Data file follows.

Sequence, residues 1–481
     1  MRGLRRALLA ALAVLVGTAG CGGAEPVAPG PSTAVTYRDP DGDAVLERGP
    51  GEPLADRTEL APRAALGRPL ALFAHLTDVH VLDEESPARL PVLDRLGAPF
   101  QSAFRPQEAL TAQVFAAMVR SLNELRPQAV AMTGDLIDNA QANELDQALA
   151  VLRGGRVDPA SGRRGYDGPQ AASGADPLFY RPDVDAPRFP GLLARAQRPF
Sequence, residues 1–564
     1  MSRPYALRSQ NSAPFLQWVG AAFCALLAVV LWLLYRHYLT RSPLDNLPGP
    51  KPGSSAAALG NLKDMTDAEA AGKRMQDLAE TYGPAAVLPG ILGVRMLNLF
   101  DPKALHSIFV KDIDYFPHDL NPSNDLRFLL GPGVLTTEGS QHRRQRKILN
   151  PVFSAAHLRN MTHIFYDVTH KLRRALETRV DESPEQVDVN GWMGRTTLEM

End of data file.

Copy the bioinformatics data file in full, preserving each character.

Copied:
Sequence, residues 1–481
     1  MRGLRRALLA ALAVLVGTAG CGGAEPVAPG PSTAVTYRDP DGDAVLERGP
    51  GEPLADRTEL APRAALGRPL ALFAHLTDVH VLDEESPARL PVLDRLGAPF
   101  QSAFRPQEAL TAQVFAAMVR SLNELRPQAV AMTGDLIDNA QANELDQALA
   151  VLRGGRVDPA SGRRGYDGPQ AASGADPLFY RPDVDAPRFP GLLARAQRPF
Sequence, residues 1–564
     1  MSRPYALRSQ NSAPFLQWVG AAFCALLAVV LWLLYRHYLT RSPLDNLPGP
    51  KPGSSAAALG NLKDMTDAEA AGKRMQDLAE TYGPAAVLPG ILGVRMLNLF
   101  DPKALHSIFV KDIDYFPHDL NPSNDLRFLL GPGVLTTEGS QHRRQRKILN
   151  PVFSAAHLRN MTHIFYDVTH KLRRALETRV DESPEQVDVN GWMGRTTLEM